Monday, March 3, 2008

Digiscoping: Post-processing - Workflow


I have modified my workflow significantly in the past few years. Once I got comfortable using Lightroom I find myself using Photoshop for only a few select modifications. If you've not used LR think of it as Adobe RAW on steroids. 

If you've purchased a new camera and shoot in RAW you've probably had to download Adobe RAW or a DNG Converter in order to open the files in Photoshop. It allows you to make adjustments in Exposure, Contrast, Highlights, etc. before actually working in Photoshop. Lightroom does the same thing. It just allows you do so much more. In fact, some people have stopped using Photoshop altogether since LR can handle all of their post-processing needs. Check out the millions of YouTube video tutorials on LR and you'll see all of its power. 

My workflow begins with transferring files from the camera to the computer. My SD cards go into a card reader while my Nikon D500's XQD cards gets read by an HDMI cable. Under the Library tab of Lightroom I select Import and copy the files in Lightroom's database. I have my settings to also convert the camera's files to DNG files, so that they can be read on any software package.

Once Imported I use the Library tab to review images and select those for deletion. You can zoom to 100% on the screen and evaluate image sharpness and feather/eye detail. Once I've selected and deleted unwanted files, its then time to Develop them. I'll start with this slightly over-exposed image to show my Develop-ing steps.




The right-hand side of the panel houses the Adjustment sliders. They are laid out fairly well. A Histogram is at the top, with Crop and Healing Tools just below. Color balance can be adjusted by moving the Temperature slider right (warmer) or left (cooler). Exposure, Contrast, Highlights, Shadows, Whites and Blacks are below that. Instead of using Contrast and Saturation tools, which adjust all colors and tones, the Clarity and Vibrance tools are valuable tools that sharpen and saturate less dominant colors.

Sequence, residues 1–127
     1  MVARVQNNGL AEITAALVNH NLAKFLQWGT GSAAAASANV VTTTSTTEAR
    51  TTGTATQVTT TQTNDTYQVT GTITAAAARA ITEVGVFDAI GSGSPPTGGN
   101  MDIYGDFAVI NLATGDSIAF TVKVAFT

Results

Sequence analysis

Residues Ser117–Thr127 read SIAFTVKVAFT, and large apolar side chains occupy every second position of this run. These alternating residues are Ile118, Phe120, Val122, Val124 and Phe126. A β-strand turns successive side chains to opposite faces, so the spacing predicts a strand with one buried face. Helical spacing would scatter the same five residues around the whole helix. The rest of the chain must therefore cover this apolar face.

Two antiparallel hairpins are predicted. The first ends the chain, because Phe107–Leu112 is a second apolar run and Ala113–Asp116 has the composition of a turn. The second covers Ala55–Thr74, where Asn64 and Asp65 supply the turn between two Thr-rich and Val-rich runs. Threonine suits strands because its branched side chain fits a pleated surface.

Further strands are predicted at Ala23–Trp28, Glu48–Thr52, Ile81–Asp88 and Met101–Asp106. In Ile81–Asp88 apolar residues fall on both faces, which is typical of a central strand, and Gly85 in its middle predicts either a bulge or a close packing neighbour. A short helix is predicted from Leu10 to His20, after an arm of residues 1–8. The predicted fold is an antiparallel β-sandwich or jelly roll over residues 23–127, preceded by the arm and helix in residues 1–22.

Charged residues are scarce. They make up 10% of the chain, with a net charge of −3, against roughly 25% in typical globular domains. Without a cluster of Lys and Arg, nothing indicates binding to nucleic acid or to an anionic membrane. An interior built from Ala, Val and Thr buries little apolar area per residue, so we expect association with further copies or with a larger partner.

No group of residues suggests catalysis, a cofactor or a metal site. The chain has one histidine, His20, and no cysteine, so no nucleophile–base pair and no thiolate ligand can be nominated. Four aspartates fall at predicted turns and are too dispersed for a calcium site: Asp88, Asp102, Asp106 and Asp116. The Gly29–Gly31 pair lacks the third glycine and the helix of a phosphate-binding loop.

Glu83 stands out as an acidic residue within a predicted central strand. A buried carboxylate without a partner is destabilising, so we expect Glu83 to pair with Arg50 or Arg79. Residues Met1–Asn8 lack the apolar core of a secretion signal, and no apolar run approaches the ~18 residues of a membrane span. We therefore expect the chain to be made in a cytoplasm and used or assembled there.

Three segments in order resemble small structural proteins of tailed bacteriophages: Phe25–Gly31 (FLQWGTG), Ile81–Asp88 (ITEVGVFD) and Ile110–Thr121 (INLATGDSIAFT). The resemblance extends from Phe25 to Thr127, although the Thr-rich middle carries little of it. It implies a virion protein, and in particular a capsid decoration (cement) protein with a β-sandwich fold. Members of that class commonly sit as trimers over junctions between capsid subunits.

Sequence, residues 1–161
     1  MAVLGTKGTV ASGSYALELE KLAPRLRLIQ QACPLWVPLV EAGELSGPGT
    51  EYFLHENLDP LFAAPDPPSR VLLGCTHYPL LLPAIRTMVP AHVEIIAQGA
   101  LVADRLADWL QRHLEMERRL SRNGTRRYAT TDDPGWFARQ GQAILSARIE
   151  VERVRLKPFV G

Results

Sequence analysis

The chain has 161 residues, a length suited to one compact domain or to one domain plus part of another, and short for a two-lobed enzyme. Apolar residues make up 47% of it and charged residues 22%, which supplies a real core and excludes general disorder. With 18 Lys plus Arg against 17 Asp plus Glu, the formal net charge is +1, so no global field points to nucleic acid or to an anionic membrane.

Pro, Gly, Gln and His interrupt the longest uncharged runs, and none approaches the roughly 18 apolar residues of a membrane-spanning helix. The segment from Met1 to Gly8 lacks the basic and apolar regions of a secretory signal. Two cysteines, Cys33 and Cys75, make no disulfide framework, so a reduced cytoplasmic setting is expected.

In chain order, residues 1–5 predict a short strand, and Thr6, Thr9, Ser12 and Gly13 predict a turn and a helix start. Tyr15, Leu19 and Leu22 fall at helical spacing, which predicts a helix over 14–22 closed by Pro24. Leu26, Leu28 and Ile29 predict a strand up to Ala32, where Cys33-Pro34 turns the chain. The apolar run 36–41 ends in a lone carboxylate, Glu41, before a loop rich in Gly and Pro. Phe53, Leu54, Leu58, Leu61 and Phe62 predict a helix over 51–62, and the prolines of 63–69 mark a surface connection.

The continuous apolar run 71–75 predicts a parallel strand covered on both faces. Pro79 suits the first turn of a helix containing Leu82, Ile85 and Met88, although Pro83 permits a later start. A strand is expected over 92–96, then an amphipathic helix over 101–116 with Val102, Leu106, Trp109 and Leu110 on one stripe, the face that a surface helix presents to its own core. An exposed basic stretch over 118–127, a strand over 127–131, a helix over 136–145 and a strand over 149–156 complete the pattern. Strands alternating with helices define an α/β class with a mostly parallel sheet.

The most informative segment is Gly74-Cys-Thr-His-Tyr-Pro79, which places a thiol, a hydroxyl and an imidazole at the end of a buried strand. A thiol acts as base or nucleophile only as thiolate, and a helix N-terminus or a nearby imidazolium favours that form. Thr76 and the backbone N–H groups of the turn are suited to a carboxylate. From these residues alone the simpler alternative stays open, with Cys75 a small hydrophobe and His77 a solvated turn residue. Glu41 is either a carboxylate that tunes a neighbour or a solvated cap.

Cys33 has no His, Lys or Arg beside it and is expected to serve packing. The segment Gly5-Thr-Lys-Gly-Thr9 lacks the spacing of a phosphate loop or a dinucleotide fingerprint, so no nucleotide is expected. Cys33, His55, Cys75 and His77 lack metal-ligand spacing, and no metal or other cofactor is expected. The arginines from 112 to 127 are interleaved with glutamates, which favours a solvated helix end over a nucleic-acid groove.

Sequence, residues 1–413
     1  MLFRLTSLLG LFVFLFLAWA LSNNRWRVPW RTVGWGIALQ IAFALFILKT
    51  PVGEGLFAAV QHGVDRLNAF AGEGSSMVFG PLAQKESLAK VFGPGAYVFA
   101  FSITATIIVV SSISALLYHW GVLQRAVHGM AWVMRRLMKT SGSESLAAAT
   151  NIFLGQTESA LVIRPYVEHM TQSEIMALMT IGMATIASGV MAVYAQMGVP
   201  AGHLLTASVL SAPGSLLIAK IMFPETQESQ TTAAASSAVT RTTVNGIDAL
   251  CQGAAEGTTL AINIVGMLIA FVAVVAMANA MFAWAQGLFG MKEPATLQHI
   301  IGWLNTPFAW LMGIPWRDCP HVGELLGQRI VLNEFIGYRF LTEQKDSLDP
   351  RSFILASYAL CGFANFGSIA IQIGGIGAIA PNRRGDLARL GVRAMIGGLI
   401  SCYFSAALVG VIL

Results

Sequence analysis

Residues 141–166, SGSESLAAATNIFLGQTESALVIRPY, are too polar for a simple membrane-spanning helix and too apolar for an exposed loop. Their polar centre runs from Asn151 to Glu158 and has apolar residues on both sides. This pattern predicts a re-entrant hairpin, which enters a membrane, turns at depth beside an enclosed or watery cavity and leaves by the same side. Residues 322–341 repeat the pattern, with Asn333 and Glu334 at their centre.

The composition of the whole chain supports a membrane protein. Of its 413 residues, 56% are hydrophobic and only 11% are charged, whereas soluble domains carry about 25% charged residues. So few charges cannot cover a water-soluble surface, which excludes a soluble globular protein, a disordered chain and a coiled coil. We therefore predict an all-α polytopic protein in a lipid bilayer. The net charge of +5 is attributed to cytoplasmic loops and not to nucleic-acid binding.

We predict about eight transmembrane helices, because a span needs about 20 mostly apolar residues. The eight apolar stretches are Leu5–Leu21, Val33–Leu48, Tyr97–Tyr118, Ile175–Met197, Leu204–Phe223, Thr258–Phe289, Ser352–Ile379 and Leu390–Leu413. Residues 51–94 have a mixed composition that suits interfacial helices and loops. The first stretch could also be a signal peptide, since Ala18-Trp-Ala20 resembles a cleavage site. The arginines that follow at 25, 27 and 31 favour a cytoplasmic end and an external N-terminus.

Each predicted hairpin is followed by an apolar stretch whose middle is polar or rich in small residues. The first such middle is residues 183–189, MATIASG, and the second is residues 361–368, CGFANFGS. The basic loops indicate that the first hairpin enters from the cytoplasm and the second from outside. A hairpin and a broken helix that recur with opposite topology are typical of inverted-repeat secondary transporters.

Sharpening and Noise Reduction tools are located farther down and do a nice job if you don't have a dedicated Noise Reduction program (I use Noiseware).
You can also activate Profile Corrections that are specific to your camera/lens. You can also select the "Remove Chromatic Aberration" tool to remove any color fringing that you might see near the edges of your photo, or along high contrast edges (white feathers).


So, I start with the Crop tool. I try to obey the "Rule of Thirds" whenever possible, instead of having my subject dead center.


Once cropped, I have a better feel for what needs adjusting in the photo. Here the stilt is overexposed as white feather detail is lost (blown highlights). Luckily, the camera has a wide dynamic range, so its possible to recover the feather detail in the image. One nit of shooting in JPG is that the dynamic range is generally less, so it might be harder to recover blown highlights (that said, JPG-Fine is still pretty good for highlight recovery these days).


I have two ways of correcting this. I can try adjusting Exposure, but to recover the blown highlights I have to darken the overall image. Therefore I'll go to option 2.